Descendre en trail

Guide to downhill trail running

For trail runners, downhill running is great fun and a good opportunity for making ground in official races. It has its own set of challenges, but you can learn skills to improve your descent.


Why train for downhill running?

Running downhill looks easy, maybe even like a time to recover between two ascents. Yet it is often said that a trail race is won in the ascents and the descents. It is a difficult exercise that requires preparation.

Descents cause muscle stiffness much more than ascents, because it is more taxing on the thigh muscles, due to eccentric contractions: when the muscle slows leg extension. We often forget that the back suffers too, which is why core workouts are important. A strong core will prevent you from "crushing" with every stride. To prevent muscle fatigue, forget your fear of steep descents, and gain confidence and speed, there is nothing better than specific training and careful control of the exercise.


Skills for fast descents

We all tend to hold back when running downhill, naturally leaning backwards. But to be perpendicular to the ground, you are better off leaning...forward!

Adopt this posture, and your centre of gravity is practically above your bearing point. Your stride naturally shrinks and the forefront of your foot is first to hit the ground, rather than your heel. As a result, the impact with the ground is not as hard, and less muscle fibres are broken (that's what stops you walking normally the days following a race).Because the size of your stride shrinks, your contact with the ground is shorter and the danger of falling dramatically reduced: one foot takes off and you are already on the other.

When the slope is gentle, you can place your right foot. If, however, the downhill slope is very steep, sometimes it is preferable to do zig zags, i.e placing the foot across the slope to slow you naturally. That is also useful when you have accumulated fatigue: it is less taxing on your muscles.

Another tip: avoid looking at the ground. On the contrary, try looking a long way ahead to decide the best trajectory to take, which is not necessarily the shortest in a technical descent!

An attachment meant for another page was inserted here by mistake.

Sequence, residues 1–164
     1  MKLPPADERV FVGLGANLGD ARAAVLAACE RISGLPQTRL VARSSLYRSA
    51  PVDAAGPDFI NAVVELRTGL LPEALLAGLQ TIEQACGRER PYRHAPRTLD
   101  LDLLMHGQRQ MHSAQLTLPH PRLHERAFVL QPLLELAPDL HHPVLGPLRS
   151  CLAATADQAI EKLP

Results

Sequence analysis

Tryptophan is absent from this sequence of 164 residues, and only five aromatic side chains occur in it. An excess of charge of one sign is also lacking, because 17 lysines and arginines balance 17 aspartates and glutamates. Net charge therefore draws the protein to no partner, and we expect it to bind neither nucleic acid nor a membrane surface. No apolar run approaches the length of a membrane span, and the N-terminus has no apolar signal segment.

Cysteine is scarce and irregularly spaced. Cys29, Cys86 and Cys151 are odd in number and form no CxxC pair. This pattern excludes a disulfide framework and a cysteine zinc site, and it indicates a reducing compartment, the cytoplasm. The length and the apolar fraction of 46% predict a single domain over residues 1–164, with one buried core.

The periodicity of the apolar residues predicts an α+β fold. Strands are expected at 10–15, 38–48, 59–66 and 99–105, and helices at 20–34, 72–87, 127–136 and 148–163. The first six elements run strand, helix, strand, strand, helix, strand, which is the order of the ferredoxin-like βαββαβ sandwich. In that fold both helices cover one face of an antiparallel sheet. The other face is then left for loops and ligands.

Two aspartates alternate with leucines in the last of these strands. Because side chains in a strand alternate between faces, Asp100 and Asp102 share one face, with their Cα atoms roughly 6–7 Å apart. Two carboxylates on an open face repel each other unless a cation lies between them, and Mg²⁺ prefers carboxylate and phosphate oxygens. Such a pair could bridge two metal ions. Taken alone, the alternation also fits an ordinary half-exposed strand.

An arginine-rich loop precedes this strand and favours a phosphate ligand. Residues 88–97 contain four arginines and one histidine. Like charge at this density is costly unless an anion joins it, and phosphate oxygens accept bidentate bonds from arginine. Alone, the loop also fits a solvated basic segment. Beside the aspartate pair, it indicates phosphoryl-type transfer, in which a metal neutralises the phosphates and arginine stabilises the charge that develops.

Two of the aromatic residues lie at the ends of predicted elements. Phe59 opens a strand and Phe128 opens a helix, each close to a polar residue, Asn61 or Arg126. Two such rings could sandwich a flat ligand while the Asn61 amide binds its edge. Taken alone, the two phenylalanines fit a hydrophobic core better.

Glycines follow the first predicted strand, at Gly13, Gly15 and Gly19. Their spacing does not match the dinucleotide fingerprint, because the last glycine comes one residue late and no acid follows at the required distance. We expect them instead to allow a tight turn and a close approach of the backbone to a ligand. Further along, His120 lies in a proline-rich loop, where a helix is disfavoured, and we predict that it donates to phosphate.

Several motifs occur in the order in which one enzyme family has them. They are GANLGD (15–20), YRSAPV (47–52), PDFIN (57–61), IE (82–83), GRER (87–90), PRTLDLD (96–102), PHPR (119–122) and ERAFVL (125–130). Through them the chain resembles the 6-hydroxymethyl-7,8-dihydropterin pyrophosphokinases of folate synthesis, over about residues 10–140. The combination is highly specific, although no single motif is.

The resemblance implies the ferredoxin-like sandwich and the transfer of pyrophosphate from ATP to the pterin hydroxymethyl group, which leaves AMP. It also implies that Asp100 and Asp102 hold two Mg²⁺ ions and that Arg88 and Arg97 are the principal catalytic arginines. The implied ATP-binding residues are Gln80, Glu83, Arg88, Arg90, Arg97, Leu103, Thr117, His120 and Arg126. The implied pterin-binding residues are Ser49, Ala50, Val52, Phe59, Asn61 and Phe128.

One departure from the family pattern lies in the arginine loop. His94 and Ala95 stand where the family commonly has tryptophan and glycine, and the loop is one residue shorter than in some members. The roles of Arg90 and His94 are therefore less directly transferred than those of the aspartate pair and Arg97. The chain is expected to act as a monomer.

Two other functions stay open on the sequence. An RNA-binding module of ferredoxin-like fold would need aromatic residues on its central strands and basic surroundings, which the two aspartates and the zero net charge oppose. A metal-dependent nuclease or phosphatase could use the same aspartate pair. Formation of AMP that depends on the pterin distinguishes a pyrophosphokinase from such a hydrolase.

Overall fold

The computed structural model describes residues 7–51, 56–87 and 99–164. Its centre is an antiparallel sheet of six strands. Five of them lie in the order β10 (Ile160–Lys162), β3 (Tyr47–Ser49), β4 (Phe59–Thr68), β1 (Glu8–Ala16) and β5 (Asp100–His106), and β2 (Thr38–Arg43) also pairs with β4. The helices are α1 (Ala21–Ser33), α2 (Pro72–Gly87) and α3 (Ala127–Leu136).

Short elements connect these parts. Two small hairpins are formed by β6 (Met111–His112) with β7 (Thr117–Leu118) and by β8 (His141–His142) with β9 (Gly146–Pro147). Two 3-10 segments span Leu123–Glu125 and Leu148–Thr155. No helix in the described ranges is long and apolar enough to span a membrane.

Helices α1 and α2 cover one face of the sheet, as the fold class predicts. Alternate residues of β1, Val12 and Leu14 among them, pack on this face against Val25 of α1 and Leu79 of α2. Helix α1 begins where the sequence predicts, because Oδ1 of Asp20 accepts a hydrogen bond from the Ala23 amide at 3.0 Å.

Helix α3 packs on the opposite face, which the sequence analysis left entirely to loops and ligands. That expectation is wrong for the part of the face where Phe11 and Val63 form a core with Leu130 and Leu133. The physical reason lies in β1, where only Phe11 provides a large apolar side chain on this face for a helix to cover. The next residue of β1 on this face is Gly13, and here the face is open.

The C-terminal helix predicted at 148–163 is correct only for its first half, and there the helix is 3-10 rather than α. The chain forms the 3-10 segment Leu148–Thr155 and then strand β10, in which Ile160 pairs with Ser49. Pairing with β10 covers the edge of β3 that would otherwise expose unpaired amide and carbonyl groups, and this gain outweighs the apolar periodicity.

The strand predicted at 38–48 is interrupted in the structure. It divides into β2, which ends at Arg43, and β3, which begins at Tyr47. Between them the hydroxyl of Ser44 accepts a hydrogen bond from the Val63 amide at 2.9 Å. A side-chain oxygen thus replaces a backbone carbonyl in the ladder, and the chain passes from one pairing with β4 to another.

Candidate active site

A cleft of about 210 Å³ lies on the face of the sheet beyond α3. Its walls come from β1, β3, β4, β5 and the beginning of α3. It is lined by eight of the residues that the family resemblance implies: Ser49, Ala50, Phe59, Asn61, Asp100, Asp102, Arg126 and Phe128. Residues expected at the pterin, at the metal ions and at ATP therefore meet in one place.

For stability, relax your shoulders, run with your arms slightly separated from the body and stretched downwards, like a tightrope walker. That way, if you are unlucky enough to fall, your hands will be close to the ground and break your fall. When you relax your arms, your shoulders are less tense, and you waste less energy which helps to reduce your heart rate and therefore recover.


How to train for downhill running

There is only one way to improve your descent technique: train! First choose an obstacle-free trail, or road, so you don't have to worry about the ground. Start by training on gentle slopes so you can concentrate on technique and master the skills before trying steeper trails.

If you don't live in a mountainous area, you really need to find a descent, even if it's short, where you can train regularly (there has to be one near your house!). You can also descend stairs running. The aim is to get your muscles used the multitude of mini-shocks which, over distances, become a handicap for running on flats or uphill.


How to get over your fear of running downhill?

Training will give you confidence in yourself. Train on negative slopes progressively, starting with short, gentle slopes to learn to control your body and master the skills. Let yourself go, will find that exercise has never been such a pleasure. Tell yourself you have to overcome the descent and not the opposite!


If you are training for a race, include descents sessions in your training plan. Just training on slopes and acquiring the right skills can help you shave a couple of seconds off your time.

progresser en montée

You are running in the countryside and would like to run uphill?